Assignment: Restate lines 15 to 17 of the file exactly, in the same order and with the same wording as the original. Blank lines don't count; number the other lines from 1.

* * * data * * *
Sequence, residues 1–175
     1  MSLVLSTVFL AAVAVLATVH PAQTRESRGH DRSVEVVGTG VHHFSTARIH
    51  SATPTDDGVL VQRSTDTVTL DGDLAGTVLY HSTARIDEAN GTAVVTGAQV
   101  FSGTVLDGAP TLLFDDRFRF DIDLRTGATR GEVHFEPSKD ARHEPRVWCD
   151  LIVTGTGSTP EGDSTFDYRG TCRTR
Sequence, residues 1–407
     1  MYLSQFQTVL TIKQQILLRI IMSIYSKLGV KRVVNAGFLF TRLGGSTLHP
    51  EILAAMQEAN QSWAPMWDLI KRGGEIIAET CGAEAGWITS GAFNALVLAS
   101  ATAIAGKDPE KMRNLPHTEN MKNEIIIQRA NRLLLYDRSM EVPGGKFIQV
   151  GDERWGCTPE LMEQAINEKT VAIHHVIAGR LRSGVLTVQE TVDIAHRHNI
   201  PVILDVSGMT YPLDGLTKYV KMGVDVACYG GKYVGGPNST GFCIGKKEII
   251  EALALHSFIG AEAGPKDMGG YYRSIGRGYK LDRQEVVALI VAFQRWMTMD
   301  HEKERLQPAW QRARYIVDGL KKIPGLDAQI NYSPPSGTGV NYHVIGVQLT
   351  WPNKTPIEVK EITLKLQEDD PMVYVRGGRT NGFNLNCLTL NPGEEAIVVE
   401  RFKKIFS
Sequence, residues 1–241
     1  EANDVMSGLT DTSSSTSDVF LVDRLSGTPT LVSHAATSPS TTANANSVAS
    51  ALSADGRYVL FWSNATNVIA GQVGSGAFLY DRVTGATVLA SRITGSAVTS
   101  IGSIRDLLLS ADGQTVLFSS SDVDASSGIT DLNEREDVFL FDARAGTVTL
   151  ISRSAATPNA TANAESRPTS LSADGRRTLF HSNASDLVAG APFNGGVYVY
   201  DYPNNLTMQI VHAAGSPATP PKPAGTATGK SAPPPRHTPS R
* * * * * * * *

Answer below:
   401  RFKKIFS
Sequence, residues 1–241
     1  EANDVMSGLT DTSSSTSDVF LVDRLSGTPT LVSHAATSPS TTANANSVAS